September is Better Breakfast Month. Following are four things you can do to improve your morning meal.

1. Don’t get too uptight about breakfast

Since childhood, we’ve all heard that breakfast is the most important meal of the day. And a good healthy breakfast can get you off to a great start.

But not everyone likes breakfast. In addition, some people skip breakfast because they have turned to intermittent fasting – which has real benefits, Kimball says.

“We used to look at breakfast as the end all be all,” she says. “But what we’ve seen is a lot of (research) support for intermittent fasting, which may actually kind of change that conversation.”

Intermittent fasting can be beneficial  for people who need to control their blood sugar levels, improve their cholesterol levels or simply manage hunger cravings, Kimball says.

If you are on such a regimen, you might not eat until 11 a.m. or noon – and that’s OK, she adds.

“Let’s take the pressure of ourselves,” Kimball says. “If you’re not a breakfast eater, stop feeling guilty about it.”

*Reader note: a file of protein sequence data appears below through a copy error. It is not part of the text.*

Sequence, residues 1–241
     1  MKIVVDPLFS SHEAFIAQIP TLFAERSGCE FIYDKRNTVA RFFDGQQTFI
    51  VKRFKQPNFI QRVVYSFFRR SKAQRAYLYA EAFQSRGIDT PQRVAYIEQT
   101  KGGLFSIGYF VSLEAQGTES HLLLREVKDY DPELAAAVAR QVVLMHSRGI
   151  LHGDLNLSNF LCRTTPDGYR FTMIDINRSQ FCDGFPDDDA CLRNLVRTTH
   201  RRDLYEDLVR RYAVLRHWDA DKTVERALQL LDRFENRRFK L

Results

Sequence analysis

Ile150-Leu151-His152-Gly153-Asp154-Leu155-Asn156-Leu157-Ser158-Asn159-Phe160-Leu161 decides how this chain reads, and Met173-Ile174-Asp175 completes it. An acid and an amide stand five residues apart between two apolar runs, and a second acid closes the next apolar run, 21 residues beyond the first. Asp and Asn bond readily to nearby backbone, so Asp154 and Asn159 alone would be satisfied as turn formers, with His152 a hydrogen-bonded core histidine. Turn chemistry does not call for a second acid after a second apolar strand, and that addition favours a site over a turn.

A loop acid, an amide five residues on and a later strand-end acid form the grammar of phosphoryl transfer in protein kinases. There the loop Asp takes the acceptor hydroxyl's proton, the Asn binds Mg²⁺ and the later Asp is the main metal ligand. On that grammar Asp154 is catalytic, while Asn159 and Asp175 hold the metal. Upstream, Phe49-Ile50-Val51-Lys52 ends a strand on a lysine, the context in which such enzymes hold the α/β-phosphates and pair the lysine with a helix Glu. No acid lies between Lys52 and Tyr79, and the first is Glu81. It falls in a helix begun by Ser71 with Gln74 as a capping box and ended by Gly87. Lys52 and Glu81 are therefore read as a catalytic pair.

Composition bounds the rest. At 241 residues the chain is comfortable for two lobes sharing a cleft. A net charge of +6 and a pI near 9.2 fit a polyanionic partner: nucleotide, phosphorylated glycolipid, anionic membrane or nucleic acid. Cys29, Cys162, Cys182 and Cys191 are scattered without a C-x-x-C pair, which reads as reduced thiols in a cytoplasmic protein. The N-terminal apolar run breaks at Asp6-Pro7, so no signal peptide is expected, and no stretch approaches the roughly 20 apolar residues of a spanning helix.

2. Cut back on the carbohydrates

Carbohydrates are not necessarily the enemy of a good breakfast. Athletes and other active people need carbohydrates to fuel their activity.

But the average person with a less demanding daily routine can easily get too many carbs, Kimball says.

Cereal and milk is a prime example, she adds. Kimball notes that the sugar content of milk is about 50% higher than the protein content.  

“When we put that with a high-carb cereal and maybe some fruit and some juice, it’s no wonder that someone is dropping and crashing a few hours later,” she says.

High-carb diets are fine for athletes, Kimball says, but not for the average sedentary person who spends much of the day behind a desk, or driving a car.

“If you’ve got toast and some juice and some fruit, that’s all carbs, carbs, carbs,” she says.